Delerium Tremens and I left the easy bay at 1:30 Friday headed over the hill to visit the Stone Mother. I was disappointed to see the lack of snow above Donner.
We rolled into Reno, checked in to the Eldo and hit the casinos for awhile. Bastards took my money. Steak dinner at the fancy place at Silver Legacy eased the losses somewhat. Back in the room at a reasonable hour for the snoring contest.
Up at 5 and on our way to the lake and down to Blockhouse. Cloudshow ensued.
Robert hooked up before Mike could tie on a fly.
Tanqueray and tonics in the casino and some gaming. Dinner was at Pho 777. Takes the chill out of the bones after being in waders all day.
Back at it Sunday at Sunrise. We decided to hit Monument again. Crowded and slow so we left for one final stop at Blockhouse. Crowded there as well with riff raff and roustabouts. I pitched a white foam beetle and 3rd cast I was on with a Pilot Peak fish. Great fight up and down the beach.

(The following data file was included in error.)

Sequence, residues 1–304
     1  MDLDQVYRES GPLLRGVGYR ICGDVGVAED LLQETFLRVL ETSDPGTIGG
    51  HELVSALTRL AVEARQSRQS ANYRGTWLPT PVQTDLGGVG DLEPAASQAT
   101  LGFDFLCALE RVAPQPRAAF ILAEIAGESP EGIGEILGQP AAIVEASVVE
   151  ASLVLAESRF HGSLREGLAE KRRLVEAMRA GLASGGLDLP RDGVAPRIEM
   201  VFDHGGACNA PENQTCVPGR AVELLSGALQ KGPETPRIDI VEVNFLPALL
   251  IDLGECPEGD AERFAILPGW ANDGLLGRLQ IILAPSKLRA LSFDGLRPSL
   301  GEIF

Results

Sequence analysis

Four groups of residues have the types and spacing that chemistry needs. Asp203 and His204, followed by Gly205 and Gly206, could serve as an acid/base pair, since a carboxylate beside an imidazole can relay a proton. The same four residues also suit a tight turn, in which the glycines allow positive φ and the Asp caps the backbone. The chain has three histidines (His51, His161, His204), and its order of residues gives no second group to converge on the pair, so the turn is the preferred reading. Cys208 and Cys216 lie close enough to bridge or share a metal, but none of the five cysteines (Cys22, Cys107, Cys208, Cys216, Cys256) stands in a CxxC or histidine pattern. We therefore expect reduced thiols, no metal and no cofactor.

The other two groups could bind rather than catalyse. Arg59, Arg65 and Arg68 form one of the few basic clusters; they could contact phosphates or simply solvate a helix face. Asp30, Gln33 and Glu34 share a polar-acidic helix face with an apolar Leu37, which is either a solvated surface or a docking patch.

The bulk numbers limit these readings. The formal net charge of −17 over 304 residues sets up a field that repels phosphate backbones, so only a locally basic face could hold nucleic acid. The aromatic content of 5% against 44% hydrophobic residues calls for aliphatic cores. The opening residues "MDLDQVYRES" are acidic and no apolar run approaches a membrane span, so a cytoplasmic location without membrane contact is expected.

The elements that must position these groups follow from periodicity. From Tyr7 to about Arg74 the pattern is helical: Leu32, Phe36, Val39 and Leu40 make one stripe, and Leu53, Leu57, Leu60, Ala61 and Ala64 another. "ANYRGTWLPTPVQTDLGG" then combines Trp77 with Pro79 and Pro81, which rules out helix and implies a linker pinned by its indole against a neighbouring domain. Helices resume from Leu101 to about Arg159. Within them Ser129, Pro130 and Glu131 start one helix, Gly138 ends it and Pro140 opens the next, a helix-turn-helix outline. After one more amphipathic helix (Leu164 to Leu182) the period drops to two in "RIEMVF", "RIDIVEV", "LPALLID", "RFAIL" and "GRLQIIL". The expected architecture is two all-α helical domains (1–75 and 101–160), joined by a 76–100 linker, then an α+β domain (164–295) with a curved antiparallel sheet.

One of the most enduring urban myths in the Reno area involves Pyramid Lake, located just a few miles north of town on the Paiute Indian Reservation. Call it a myth at your discretion – nearly every spring an unlucky fisherman, angling for a record-sized cutthroat trout, disappears. Their bodies are seldom recovered. Some attribute their disappearance to the 350-foot depth of the lake, while others claim, “It’s the Water Babies.”
Just who, or what, are the Water Babies? Since no one has lived to tell the tale, it all depends on who you ask. It is an established fact that before the white man arrived at Pyramid Lake members of the Paiute tribe threw ill-formed or premature babies into the water. The tribe members felt that this was a necessary task to keep the tribe strong in the harsh desert environment.
According to one version of this Reno urban legend, the angry spirits of the unfortunate infants took hold of the lake over the centuries. Now, nearly every spring, these tormented spirits take their revenge on lake dwellers.